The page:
Tonight marks a milestone in the (so far) short life of Ben & Kate. The New Girl-styled sitcom about grown siblings who move in together — she’s a serious-minded single mom; he’s a terminal adolescent with commitment issues — has been on the air four weeks, a whole month, and is one of the few new sitcoms that looks as if it will stay for a while.
Just last week, parent network Fox ordered several more new episodes, on top of the initial eight episodes guaranteed all new series. That means Ben & Kate will survive both the baseball playoffs and the U.S. presidential election campaign, despite early middling reaction from viewers overwhelmed by the return of Tuesday-night time-period competitors NCIS, Dancing With the Stars, The Voice and This Hour Has 22 Minutes.
Then again Ben & Kate, like its eponymous characters, shows early signs of maturing or, if not maturing exactly, growing on one. Dakota Johnson as Kate and Nat Faxon as Ben have real chemistry together. They’re believable as grown siblings. The rivalries and childhood resentments are plainly evident, but so is the loyalty that comes from growing up together in a household of constantly bickering parents.
Ben & Kate creator Dana Fox, a writer for New Girl in that sitcom’s first season, based Ben & Kate‘s characters on her own relationship with her brother, whom she recently described to TV critics in Los Angeles as a “really, really smart Ferris Bueller type” who, when he was younger, did “incredibly dumb things.”
While Ben & Kate is designed for TV, where even the most mundane minutiae of day-to-day life is heightened and exaggerated for comic effect, there’s an underlying sweetness and goofy charm that looks, sounds and feels real. It’s refreshing for a change to see a sitcom where a single-mom character isn’t a nitwit, a ditz or constantly on the make.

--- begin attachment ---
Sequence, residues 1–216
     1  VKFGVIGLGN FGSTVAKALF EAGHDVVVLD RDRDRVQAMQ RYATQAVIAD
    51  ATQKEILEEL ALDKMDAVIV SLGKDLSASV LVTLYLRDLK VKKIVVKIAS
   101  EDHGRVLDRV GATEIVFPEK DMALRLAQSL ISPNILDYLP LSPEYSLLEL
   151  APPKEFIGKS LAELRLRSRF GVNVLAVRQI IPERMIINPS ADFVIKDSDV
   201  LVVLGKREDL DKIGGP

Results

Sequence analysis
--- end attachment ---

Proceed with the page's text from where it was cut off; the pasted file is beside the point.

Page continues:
In another vote of confidence, Ben & Kate is one of the few regularly scheduled programs that will feature a new episode tonight, the same night as the second-of-three U.S. presidential debates. The story revolves around Kate’s 21st birthday, which she’d just as soon forget. Ben is determined to throw her a birthday party just the same, and Kate has a change of heart after she learns Ben has invited her wild friend from high school.
Ben & Kate is paired with the similarly charming, disarmingly honest Raising Hope. And while they’re very different in setting and story — one is rural, the other urban; one is about a messy but loyal extended family, the other is about separated siblings trying to make up for lost family time – Raising Hope and Ben & Kate share a similar affection for decent, honest working folks trying to get through life without hurting themselves or anyone else.
In Ben & Kate‘s pilot episode, a childhood buddy of Ben’s asked him long he would be in town, “so I can calibrate my expectations.”
Watching a new series, especially one that shows early promise, is all about calibrating expectations. Promise is easily dashed. Every so often, though, a newcomer shows promise and then grows from there.
It’s too early to call Ben & Kate a keeper. It took New Girl nearly a year, after all, to find the right voice and tone. Schmidt wasn’t the lightning rod for comedy n New Girl‘s early episodes that he became later on.
Ben & Kate‘s early signs are encouraging, though. And sometimes encouragement is enough to keep watching.